Platform as an inverted / pendulum
5th-axle as a pivot for the platform
Platform as an inverted / pendulum
Center Articulated Chassis sonar and three IR sensors together. The sensor array allowed for overlapping sensor coverage while still providing a large viewing angle.
Rather than utilize a fixed-mounting point for our sensor array, it was decided that a pan/tilt kit would be used to mount the sensor array.
The pan/tilt unit (as shown in Figure 3) allowed fewer total sensors to be used while still providing about 250° coverage when coupled with the detection cone of the Ultrasonic units. The pan/tilt unit allowed the robot to focus all of its sensors in a particular direction without altering the robot's overall direction.
The pan/tilt unit needed to be placed in the center, at the front end of the robot. Placing the pan/tilt unit at the extreme front end of the robot allows the sensor array to see the ground directly in front of the robot, just past the wheels.
This configuration was desired to allow the robot to search for rapid drop-offs, such as a stairwell. Additionally, if the sensor array was not centered, the coverage the array would have provided would have been different from the left side to the right side of the robot, making navigation more difficult.
To address the problem of mounting electronics, a raised platform was developed to accept the pan/tilt unit. The platform needed to allow the chassis to continue to rotate — albeit to a much more limited degree — while maintaining a stable base from which sensor readings could be made.
The drawing of the platform (Figure 4) shows that it works like an inverted pendulum with two springs used on each side to keep the pendulum upright.
The platform provided a very stable base for the pan/tilt unit — even over rough terrain. The platform can pivot at the fifth-axle while the springs (shocks) act to limit the rotation of the rover around it. An added advantage of this configuration is that the platform will remain relatively stable, compared to the rotation of the Rover over rough terrain.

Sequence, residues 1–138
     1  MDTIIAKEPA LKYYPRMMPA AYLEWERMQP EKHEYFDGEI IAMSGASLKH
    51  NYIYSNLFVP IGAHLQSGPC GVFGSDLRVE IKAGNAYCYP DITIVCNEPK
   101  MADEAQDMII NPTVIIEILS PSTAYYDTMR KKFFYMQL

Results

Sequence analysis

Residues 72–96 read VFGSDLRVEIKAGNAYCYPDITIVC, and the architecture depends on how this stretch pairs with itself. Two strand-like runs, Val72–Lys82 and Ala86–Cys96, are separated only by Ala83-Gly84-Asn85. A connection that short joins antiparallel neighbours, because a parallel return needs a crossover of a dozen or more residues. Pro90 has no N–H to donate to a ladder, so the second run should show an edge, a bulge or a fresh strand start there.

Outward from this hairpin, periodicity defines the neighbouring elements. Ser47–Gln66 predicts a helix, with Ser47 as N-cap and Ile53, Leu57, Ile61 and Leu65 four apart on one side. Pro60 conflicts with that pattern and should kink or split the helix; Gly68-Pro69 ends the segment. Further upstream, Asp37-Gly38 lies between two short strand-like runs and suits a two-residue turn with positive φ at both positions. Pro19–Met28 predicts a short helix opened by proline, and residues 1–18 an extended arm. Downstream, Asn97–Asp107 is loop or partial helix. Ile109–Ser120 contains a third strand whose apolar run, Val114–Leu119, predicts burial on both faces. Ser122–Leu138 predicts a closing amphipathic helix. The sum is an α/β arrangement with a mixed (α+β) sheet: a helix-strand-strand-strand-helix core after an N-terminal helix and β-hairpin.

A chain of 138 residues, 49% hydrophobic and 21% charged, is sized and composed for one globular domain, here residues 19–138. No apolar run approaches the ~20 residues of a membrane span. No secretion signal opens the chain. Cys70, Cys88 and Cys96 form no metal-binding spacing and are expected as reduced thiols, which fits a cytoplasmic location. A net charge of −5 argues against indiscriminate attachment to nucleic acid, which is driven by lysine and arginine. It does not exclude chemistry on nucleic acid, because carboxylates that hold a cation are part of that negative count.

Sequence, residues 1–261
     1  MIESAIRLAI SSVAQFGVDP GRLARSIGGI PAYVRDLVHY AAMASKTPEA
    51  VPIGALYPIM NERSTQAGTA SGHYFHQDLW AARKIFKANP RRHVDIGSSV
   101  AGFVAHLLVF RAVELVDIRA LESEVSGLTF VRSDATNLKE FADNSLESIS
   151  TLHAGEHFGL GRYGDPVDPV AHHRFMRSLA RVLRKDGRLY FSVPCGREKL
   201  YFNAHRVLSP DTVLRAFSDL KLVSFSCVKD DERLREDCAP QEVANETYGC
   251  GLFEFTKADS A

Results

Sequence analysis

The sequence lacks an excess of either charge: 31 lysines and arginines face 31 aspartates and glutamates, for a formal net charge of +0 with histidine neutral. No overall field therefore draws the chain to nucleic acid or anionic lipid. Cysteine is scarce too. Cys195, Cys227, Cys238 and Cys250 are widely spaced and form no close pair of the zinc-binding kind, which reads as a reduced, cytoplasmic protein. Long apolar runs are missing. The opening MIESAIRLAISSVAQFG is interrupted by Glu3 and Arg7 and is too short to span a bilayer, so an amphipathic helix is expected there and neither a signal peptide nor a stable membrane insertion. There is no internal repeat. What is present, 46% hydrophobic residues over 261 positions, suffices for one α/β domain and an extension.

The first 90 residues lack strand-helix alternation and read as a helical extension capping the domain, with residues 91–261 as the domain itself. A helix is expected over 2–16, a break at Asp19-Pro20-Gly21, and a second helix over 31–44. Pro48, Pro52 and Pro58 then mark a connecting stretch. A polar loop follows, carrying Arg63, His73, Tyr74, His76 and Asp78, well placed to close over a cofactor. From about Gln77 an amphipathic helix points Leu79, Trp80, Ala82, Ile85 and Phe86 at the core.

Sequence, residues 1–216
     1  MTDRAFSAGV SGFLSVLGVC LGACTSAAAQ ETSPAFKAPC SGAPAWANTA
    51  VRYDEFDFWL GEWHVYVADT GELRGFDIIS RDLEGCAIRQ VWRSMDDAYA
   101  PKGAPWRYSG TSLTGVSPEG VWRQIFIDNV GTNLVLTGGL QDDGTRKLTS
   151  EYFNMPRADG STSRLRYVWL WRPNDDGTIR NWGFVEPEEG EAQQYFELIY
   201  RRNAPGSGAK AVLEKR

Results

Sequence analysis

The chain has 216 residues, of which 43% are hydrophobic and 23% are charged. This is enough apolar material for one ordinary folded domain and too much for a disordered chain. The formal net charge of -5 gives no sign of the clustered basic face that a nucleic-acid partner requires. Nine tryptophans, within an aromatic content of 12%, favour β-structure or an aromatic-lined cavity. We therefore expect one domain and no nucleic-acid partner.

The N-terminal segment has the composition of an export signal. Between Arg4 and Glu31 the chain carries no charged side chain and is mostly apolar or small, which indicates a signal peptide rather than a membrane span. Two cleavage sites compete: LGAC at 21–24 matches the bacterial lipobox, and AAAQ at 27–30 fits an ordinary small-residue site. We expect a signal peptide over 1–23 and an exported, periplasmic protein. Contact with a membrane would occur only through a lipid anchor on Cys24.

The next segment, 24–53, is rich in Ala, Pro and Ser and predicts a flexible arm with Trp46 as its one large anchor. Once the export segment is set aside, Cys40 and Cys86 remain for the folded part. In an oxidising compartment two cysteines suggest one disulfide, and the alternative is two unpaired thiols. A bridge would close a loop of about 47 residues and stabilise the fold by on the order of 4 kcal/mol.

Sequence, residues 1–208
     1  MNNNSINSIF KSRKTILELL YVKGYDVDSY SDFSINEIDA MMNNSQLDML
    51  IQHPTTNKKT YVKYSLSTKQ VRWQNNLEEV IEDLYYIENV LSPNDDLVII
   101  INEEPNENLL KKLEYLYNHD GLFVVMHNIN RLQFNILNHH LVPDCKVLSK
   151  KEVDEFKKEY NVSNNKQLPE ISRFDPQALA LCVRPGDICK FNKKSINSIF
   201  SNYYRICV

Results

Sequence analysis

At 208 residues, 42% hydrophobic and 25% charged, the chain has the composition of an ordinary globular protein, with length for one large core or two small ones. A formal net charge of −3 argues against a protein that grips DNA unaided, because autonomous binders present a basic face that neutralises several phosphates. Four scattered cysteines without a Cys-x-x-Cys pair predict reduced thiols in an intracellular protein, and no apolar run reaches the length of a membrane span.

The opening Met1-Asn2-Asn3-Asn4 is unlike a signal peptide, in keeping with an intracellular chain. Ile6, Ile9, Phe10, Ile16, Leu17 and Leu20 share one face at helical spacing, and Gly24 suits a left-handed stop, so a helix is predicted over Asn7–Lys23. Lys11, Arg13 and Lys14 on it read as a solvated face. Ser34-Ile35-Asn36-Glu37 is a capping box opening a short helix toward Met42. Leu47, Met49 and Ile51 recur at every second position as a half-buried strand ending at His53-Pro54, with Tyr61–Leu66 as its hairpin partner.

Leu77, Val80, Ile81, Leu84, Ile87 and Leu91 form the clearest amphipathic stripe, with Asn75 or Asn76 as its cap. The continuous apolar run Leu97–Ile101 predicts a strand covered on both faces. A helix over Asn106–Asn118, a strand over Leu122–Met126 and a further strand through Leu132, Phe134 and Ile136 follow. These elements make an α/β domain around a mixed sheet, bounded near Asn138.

The platform was built using thin sheet aluminum, the springs are radio controlled vehicle oil damping shocks, and the U-joints were hand milled from 1/2 inch aluminum stock. If you do not have access to a milling machine, the U-joints can also be bent out of heavy sheet aluminum using pliers and lots of care. The platform provided enough surface area for a JStamp microprocessor and a multiplexer that increased the number of sensors the JStamp could interface with to be mounted directly onto it.
To illustrate that complex materials are not needed for a center articulated chassis, Figure 5 shows a vehicle that was built using LEGO Mindstorm components. The design is very simple and straightforward. Each of the four wheels is directly connected to a motor. The motors on each side of the vehicle are connected together to form half of the chassis. The platform to hold the LEGO RCX was constructed from LEGO plates.
The only non-LEGO parts are the four rubberbands used in place of springs. While the little robot has only 1/4 inch of ground clearance and is very top heavy, it is able to climb over obstacles as high as 1-1/4 inches. This simple — yet unstable — design is only a starting point for building more robust vehicles.
So, if you want your next robot to get a little rough, give it a little suspension with a center articulated chassis. SV
Curtis Ray Welborn worked at Johnson Space Center and in the telecommunications industry before returning to school at Texas Tech University to pursue his interest in robotics and a Ph.D. in Computer Science.
Electronic Eclectic Technology
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